- Published on Wednesday, 26 December 2012 11:52
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All across the Eastern shore folks gathered or stood alone and launched red balloons to honor all fallen or deceased soldiers.
The event was started as a tradition by Sonja Ruhren who lost her son David, on December 21, 2004 when a suicide bomber made his way into a mess hall in Mosul, Iraq and set off a bomb.
Ruhren recalls getting the news at 3:30 a.m. that her son had been killed along with 22 other service men in that deadly attack, while serving a tour of duty with the Army National Guard.
“The boys were going on their next mission and were detained and went to the mess hall,” recalls Ruhren. Ruhren was referring to David and two of his friends, Nicholas Mason of King George County and Richard Hursh of Stafford County who were all standing together at the time of the explosion.
David and Nicholas did not survive the blast and Richard was badly wounded.
Sonja began launching a red balloon, David’s favorite color on his birthdays and other holidays as a way to be close to him and on the anniversary of his death. She would launch a red balloon at noon, precisely when the bomber detonated the bomb.
Eventually friends like the Masons and others she had met along the way asked to join in on the Dec. 21 balloon launches.
This year the American Legion in Colonial Beach hosted the first event in Colonial Beach, spearheaded by Councilman Tim Curtin. The event is very close to Curtin’s heart because he lost many friends in that bombing. Curtin had just shipped out from Mosul about an hour before the bombing.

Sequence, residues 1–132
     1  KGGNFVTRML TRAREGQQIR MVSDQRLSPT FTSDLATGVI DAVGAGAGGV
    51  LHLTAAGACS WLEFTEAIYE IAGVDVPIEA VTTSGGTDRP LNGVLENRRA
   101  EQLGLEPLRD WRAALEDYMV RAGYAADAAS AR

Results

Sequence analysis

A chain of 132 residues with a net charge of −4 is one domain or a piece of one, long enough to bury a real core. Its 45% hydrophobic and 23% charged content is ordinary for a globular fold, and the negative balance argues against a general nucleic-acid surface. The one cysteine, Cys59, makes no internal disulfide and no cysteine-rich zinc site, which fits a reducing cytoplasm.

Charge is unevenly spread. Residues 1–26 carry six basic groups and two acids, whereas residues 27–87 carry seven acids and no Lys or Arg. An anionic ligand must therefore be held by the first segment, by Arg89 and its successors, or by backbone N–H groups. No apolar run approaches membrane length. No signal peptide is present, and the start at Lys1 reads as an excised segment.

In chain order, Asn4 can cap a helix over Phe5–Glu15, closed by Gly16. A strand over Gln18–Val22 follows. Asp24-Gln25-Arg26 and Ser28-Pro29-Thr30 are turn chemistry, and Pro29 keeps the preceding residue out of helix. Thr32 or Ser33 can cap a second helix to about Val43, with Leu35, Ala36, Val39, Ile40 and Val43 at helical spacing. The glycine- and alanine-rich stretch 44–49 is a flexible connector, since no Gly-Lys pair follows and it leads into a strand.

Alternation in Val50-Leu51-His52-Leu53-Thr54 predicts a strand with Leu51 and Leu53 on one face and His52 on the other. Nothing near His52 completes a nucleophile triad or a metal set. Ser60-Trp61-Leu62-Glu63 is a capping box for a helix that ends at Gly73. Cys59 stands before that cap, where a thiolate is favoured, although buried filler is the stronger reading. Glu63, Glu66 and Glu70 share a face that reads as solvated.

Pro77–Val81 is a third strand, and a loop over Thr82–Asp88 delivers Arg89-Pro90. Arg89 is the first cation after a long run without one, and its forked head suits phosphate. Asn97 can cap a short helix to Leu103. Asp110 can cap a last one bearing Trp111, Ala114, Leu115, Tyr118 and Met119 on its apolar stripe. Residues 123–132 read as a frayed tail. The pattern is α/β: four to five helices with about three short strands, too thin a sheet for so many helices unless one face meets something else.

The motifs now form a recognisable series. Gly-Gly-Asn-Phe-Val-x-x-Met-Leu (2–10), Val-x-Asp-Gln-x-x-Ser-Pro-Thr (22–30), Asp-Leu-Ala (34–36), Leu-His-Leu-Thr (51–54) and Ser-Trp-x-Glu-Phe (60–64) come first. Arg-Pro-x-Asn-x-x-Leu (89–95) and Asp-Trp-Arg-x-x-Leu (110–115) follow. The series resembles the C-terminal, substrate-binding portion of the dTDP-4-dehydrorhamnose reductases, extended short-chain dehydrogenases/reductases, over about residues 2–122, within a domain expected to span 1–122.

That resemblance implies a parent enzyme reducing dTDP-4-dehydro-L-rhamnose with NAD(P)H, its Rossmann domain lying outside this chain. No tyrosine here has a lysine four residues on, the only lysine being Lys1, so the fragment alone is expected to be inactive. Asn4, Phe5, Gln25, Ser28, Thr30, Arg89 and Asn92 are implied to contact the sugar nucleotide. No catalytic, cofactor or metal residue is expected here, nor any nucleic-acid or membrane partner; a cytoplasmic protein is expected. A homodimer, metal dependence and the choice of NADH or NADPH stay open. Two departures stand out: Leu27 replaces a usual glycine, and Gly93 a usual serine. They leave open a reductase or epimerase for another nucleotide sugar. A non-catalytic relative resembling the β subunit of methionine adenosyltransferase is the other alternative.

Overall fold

Sonja celebrated the launch with the Masons in King George but Rudolf Vogel, grandfather of Nicholas Mason attended the Colonial Beach balloon launch.
Looking at the 350 balloons tied to tents, Vogel told The journal with a smirk, before the launch, “There’s going to be some lost and popped; Nicholas was a mischievous boy!”
And indeed while attendees tried to untie the bundles several were let go early and a few did pop.
Twenty mixed green and white balloons were launched at 9:30 a.m. to honor the 20 children who lost their lives in a school shooting one week earlier, when a gunman opened fire at the Newtown Connecticut Elementary School killing 20 children and seven adults that day, his own mother, six teachers and faculty including the principal, before turning the gun on himself.
The group launched another 26 green and white balloons at noon while launching the 350 red balloons for soldiers lost and particularly the men lost in Mosul eight years ago.
The wind seemed to die down just after launching, giving the group a chance to pause to remember loved ones.